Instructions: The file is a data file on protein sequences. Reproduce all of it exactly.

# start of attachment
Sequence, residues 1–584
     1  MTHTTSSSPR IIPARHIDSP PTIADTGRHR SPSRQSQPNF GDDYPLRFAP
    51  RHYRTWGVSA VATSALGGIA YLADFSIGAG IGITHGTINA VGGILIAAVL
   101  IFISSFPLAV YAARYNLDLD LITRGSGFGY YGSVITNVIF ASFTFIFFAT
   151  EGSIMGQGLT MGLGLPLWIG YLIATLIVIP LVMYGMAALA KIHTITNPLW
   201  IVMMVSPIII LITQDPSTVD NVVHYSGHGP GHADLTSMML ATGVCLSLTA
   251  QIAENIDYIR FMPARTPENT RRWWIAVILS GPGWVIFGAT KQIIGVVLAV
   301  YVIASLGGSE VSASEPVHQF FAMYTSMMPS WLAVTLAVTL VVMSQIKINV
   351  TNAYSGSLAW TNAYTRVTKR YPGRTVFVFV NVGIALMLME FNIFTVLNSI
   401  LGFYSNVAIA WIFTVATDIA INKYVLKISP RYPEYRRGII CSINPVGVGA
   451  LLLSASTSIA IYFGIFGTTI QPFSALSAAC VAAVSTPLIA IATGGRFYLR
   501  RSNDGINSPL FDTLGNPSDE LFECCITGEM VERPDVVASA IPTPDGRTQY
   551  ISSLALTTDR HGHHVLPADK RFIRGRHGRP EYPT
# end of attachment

Sequence, residues 1–584
     1  MTHTTSSSPR IIPARHIDSP PTIADTGRHR SPSRQSQPNF GDDYPLRFAP
    51  RHYRTWGVSA VATSALGGIA YLADFSIGAG IGITHGTINA VGGILIAAVL
   101  IFISSFPLAV YAARYNLDLD LITRGSGFGY YGSVITNVIF ASFTFIFFAT
   151  EGSIMGQGLT MGLGLPLWIG YLIATLIVIP LVMYGMAALA KIHTITNPLW
   201  IVMMVSPIII LITQDPSTVD NVVHYSGHGP GHADLTSMML ATGVCLSLTA
   251  QIAENIDYIR FMPARTPENT RRWWIAVILS GPGWVIFGAT KQIIGVVLAV
   301  YVIASLGGSE VSASEPVHQF FAMYTSMMPS WLAVTLAVTL VVMSQIKINV
   351  TNAYSGSLAW TNAYTRVTKR YPGRTVFVFV NVGIALMLME FNIFTVLNSI
   401  LGFYSNVAIA WIFTVATDIA INKYVLKISP RYPEYRRGII CSINPVGVGA
   451  LLLSASTSIA IYFGIFGTTI QPFSALSAAC VAAVSTPLIA IATGGRFYLR
   501  RSNDGINSPL FDTLGNPSDE LFECCITGEM VERPDVVASA IPTPDGRTQY
   551  ISSLALTTDR HGHHVLPADK RFIRGRHGRP EYPT